33 Help the parent notice the risk, and discuss importance of recognizing danger and offering safety and protection Guide the parent if the parent is at a loss about how to be protective In an urgent situation, if the parent fails to take protective action, model the action for the parent Domains of Intervention: Reckless, Self-Endangering Behavior

34 Encourage mother and child to think of behaviors that will allow the expression of anger in a non-hurtful way Support mother’s efforts to redirect child’s aggression, focusing on the fact that she is doing her job in teaching the child Ask questions that elicit the meaning of the behavior for both the mother and the child Domains of Intervention: Child Aggression Toward a Parent

35 If the child is verbally aggressive, acknowledge the child’s anger but state that this is not a way to speak to mother Create an atmosphere where the meaning of behavior can be discussed and alternative behaviors imagined and practiced Be direct in saying that it is hard to see the child mistreating the mother Domains of Intervention: Child Aggression Toward a Parent

36 If mother passively accepts the child’s aggression, stop and redirect. Ask permission first if feasible If mother misperceives child aggression as loving or playful, express your point of view. Don’t argue if mother doesn’t agree, but ask to keep the topic open for further discussion Domains of Intervention: Child Aggression Toward a Parent

37 If the child’s aggression is a response to the mother’s harshness, speak of the anger between them and of non-hurtful ways to express anger If the mother is so angry that she can’t hear the child’s remorse, call attention to this, while legitimizing the mother’s feelings If the child’s aggression demonstrates a misunderstanding of motives, help the child clarify what happened Domains of Intervention: Child Aggression Toward a Parent

38 If the child’s aggression toward another is reported, initiate a calm discussion that includes understanding the event, understanding the meaning of the behavior, and suggesting alternative ways to express anger If child’s aggression toward peers is related to parent’s aggression toward child, help the parent see the parallels, and help both find ways to change Domains of Intervention: Child Aggression Toward Peers, Siblings

39 If the child engages in aggressive behavior in the session, support the mother in helping the child stop, or take whatever action is necessary to stop him, reassuring him that adults won’t let him hurt himself or anyone else When the child is becoming aggressive, set up a situation that de-escalates the aggression Domains of Intervention: Child Aggression Toward Peers, Siblings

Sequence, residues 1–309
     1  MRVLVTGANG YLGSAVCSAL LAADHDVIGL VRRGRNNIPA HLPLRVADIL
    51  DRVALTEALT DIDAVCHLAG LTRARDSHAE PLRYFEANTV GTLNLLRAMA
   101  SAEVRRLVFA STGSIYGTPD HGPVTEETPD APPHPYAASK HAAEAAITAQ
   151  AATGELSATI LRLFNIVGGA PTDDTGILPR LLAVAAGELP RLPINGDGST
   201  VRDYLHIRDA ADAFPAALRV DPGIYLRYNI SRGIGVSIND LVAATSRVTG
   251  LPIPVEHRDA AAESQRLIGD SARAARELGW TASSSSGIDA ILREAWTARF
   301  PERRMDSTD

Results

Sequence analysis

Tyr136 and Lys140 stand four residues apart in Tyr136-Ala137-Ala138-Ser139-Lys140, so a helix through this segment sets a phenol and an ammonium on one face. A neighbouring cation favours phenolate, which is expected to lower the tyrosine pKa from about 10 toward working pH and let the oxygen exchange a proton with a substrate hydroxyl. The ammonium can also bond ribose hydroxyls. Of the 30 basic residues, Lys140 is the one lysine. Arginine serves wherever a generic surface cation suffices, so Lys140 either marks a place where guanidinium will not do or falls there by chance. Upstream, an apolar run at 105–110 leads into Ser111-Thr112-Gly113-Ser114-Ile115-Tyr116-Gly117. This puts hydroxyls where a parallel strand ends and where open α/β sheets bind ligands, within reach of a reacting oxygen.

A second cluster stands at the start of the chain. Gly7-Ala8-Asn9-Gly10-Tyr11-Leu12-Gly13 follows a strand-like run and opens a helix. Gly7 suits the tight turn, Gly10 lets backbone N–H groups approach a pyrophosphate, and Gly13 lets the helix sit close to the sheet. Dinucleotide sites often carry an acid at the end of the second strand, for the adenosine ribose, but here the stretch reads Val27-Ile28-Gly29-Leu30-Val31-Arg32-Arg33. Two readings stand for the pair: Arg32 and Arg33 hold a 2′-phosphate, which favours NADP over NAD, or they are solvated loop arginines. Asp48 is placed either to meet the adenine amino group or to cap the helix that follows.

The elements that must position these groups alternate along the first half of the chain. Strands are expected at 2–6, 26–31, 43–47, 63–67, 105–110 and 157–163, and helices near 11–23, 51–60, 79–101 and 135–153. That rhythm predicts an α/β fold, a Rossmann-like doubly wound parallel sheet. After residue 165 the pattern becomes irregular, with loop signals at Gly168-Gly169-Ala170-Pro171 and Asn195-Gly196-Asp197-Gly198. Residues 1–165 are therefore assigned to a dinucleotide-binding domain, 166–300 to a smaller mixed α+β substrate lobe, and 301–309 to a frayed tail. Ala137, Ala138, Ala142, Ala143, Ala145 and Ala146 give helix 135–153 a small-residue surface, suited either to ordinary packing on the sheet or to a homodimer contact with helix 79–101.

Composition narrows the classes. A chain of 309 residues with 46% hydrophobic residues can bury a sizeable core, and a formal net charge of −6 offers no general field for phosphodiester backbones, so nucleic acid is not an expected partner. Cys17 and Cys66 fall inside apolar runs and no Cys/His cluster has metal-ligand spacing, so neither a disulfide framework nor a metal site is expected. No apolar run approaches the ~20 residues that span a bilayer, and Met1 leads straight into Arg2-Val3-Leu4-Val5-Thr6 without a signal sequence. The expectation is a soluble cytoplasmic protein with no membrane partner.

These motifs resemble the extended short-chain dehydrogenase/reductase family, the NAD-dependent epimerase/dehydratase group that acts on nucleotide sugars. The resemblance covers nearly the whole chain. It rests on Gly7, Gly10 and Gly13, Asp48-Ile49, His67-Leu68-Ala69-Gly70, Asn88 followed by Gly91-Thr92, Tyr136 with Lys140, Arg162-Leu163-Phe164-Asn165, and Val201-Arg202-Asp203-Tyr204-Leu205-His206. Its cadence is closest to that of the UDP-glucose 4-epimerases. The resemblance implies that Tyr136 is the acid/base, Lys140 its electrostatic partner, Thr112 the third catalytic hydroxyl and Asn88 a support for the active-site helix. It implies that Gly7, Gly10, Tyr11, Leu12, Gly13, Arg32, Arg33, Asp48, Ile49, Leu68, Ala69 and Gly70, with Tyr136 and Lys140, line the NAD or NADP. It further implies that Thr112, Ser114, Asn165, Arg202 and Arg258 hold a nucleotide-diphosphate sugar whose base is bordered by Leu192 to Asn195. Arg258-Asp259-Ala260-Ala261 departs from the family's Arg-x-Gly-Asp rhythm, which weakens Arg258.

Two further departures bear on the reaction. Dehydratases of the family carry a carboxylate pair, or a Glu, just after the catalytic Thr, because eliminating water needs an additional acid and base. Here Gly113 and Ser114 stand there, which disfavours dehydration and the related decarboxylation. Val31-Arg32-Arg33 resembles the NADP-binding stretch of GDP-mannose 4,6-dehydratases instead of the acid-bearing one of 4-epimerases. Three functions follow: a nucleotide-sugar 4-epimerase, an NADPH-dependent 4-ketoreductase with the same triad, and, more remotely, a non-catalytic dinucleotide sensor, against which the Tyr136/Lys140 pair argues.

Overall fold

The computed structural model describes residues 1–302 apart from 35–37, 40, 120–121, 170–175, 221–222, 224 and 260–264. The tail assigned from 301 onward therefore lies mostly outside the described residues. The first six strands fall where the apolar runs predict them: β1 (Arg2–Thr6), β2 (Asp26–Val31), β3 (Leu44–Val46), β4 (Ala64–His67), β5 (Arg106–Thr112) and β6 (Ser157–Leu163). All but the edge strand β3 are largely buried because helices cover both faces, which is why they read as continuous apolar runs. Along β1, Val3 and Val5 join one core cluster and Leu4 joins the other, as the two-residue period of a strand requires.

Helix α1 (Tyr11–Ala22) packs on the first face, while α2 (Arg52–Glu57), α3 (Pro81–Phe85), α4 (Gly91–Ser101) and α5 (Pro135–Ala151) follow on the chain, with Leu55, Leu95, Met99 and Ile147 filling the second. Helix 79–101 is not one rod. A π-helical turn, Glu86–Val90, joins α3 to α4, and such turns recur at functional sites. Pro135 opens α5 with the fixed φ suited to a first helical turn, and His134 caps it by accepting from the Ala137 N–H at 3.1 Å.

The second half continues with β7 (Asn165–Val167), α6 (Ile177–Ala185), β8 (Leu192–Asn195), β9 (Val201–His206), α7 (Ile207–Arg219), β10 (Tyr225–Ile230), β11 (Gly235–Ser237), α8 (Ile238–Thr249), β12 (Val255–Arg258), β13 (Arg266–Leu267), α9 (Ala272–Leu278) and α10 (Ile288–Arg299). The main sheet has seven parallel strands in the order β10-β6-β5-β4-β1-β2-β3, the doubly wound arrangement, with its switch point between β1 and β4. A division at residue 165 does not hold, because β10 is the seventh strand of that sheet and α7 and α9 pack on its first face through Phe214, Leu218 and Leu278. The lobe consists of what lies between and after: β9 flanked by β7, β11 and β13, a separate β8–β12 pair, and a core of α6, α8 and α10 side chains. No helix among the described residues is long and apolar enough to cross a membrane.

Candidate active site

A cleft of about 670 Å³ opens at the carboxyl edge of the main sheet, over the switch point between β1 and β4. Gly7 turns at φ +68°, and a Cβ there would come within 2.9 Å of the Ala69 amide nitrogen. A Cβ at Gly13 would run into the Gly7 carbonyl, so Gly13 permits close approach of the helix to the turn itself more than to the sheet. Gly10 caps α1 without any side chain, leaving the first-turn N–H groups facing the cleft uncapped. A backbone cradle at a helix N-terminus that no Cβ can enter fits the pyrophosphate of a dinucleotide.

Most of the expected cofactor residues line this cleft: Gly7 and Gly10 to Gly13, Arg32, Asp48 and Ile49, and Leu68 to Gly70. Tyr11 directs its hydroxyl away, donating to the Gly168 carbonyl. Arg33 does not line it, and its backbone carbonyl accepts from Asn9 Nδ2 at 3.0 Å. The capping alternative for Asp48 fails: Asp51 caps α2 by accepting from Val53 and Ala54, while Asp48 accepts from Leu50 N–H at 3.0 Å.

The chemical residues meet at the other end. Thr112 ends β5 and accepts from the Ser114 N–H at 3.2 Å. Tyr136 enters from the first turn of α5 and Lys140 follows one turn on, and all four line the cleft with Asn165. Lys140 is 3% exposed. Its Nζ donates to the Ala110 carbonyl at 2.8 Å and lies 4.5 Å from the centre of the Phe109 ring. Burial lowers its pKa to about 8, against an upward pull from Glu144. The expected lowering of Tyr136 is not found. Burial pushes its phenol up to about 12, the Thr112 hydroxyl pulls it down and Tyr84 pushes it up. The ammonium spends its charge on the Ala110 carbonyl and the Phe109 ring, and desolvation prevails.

40 If the parent uses socially sanctioned physical punishment, use this is an opportunity to discuss values, offer developmental guidance (after the heat of the moment has passed) Facilitate discussion of parent’s motivations, child’s feelings and how each of them sees the situation Help the parent find alternative ways to teach the child about consequences of unwanted behavior Domains of Intervention: Parental Use of Physical Punishment

41 Help parents see that children who witnessed physical violence, especially involving people they love, may be too overwhelmed by physical punishment to learn from it Have discussions about physical punishment in private if the parent feels that discussing this in front of the child is disrespectful or undermining Domains of Intervention: Parental Use of Physical Punishment

42  If clinician’s views are too divergent from parent’s seek agreement to keep talking about the subject  Take the time you need for self-reflection and internal balance before you intervene  If the parent is unresponsive after many attempts to intervene, tell the parent politely but clearly, that hitting interferes with the child’s respect for the parent and the child’s healthy development Domains of Intervention: Parental Use of Physical Punishment

43 Empathize with the anger and frustration that prompts the aggression if possible, and facilitate a discussion of the child’s behavior, aiming for a reframing of its meaning for the parent Help the parent see how the child feels when s/he is criticized or called harsh names Domains of Intervention: Parental Use of Verbal Aggression

44 Include the child in the conversation and facilitate discussion between parent and child Help find alternative ways to express feelings If necessary tell the parent clearly how harmful critical remarks are to child’s development Domains of Intervention: Parental Use of Verbal Aggression

45 Help the child talk about his memories of frightening things that happened, and encourage dialogue about these things between parent and child Encourage the mother to correct the child’s faulty or “magical” perceptions of the absent parent Domains of Intervention: Relationship with the Absent Parent

46 Clarify the different feelings that the parent and child having about the absent parent, giving child permission to love both Domains of Intervention: Relationship with the Absent Parent